85-year-old bassist Ron Carter has no plans on slowing down The roster of musicians Carter has worked with ranges from Ornette Coleman to Aretha Franklin, Roberta Flack and A Tribe Called Quest.

85-year-old bassist Ron Carter has no plans on slowing down

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ARI SHAPIRO, HOST:

Ron Carter is one of the most original, prolific and influential bassists in jazz history. In a career spanning six decades, he's appeared on more than 2,000 records and worked with greats like Aretha Franklin. Today, on Carter's 85th birthday, Tom Vitale has this look at his career.

TOM VITALE, BYLINE: Ron Carter's most historic recordings came early in his career, in the 1960s, as the bass player in the second great Miles Davis Quintet.

(SOUNDBITE OF MILES DAVIS' "SEVEN STEPS TO HEAVEN")

VITALE: Carter says the quintet - with Miles on trumpet, George Coleman and then Wayne Shorter on saxophone, Herbie Hancock on piano and Tony Williams on drums - never rehearsed before recording. He says the band was a laboratory.

RON CARTER: God gave Miles the title of the head clinician at this laboratory, and his job was to bring in these various chemicals night in and night out and see what these remaining four guys in this group, what kind of combinations would they find of these explosive devices he brought to the gig, and what kind of fun could he have trying to keep up?

(SOUNDBITE OF MILES DAVIS' "STRAIGHT, NO CHASER")

WAYNE SHORTER: He did not play like a metronome, like tick, tock, tick, tock, tick.

VITALE: Eighty-eight-year-old saxophonist Wayne Shorter says Ron Carter stood out because he played bass in the moment and off the beat.

SHORTER: Some bass players the whole time play on the beat, on every note. But Ron would start something, let go and jump all the way to where it was going. But the note that he played had a lot to do with carrying the sound and the color of what he left out.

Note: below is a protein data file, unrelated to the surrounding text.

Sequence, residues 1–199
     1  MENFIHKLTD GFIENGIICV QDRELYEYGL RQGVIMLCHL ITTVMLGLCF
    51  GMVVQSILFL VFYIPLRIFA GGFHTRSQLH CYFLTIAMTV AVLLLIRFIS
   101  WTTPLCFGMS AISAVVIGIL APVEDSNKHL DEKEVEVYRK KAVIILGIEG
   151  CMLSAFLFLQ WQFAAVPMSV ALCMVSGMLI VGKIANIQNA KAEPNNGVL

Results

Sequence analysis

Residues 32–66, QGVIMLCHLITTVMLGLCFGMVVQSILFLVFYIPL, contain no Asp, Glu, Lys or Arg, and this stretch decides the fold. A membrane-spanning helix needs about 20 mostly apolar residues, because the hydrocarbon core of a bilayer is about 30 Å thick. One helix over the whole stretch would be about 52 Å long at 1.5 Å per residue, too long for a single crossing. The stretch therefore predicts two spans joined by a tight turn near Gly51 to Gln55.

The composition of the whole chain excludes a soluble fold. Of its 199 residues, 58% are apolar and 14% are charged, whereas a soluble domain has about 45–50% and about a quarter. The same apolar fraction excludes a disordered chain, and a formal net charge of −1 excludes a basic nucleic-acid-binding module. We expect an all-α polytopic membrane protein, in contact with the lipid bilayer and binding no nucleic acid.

(SOUNDBITE OF RON CARTER'S "RUFUS")

VITALE: In the 1970s, Ron Carter became the house bass player for CTI Records, a label that showcased jazz with distinctive talent and arrangements. But Carter says again, many of the CTI record dates were unrehearsed. On the label's first release, Freddie Hubbard's "Red Clay," Carter had to come up with the title song's intro on the fly in the studio.

CARTER: Freddie Hubbs (ph) just brought this tune in. He played the piano part, you know, and said, you play this, you play that. And Ron, give me an intro for eight bars. And I said, yeah, well, what am I doing with it? Where's it going? You'll figure something out, Ron. Come on. Let's - two, three, four. And that is the story of that bassline. (Vocalizing). Yeah. That's mine.

(SOUNDBITE OF FREDDIE HUBBARD'S "RED CLAY")

STANLEY CLARKE: To me, he's probably the - in the last 50 years, the most important bass player.

VITALE: Bassist Stanley Clarke says before he became famous in Chick Corea's Return to Forever band, he learned from listening to Ron Carter.

CLARKE: I remember as a young kid, I used to get his records. I could tell that he was very, very professional because the consistency was there from record to record to record - his sound, his ability, and then his flow.

(SOUNDBITE OF HERBIE HANCOCK SONG, "MAIDEN VOYAGE")

VITALE: Ron Carter was born in Ferndale, Mich., in 1937. He started to play the cello at the age of 10 but switched to bass in high school because opportunities were limited for Black musicians to play classical music. By the time he was 25, he was one of the most sought-after sidemen in jazz. Giovanni Russonello writes about jazz for The New York Times.

GIOVANNI RUSSONELLO: When I think of Ron Carter, I think of this incredible ability to be sure-footed everywhere but also sound almost like a plasma, like some undefinable, immutable substance. His basslines sound endlessly fascinating and full of ideas.

(SOUNDBITE OF RON CARTER'S "GOLDEN STRIKER")

VITALE: Next Tuesday, Ron Carter will celebrate his 85th birthday at Carnegie Hall, leading three different bands, performing highlights from his career. He says he has no plans to retire.

CARTER: Age has not made me think slower. It has not made me refuse gigs. What it's made me do is be thankful that I got this far playing an instrument with four strings.

(SOUNDBITE OF RON CARTER'S "BLUES IN THE CLOSET")

VITALE: For NPR News, I'm Tom Vitale in New York.

(SOUNDBITE OF RON CARTER'S "BLUES IN THE CLOSET")

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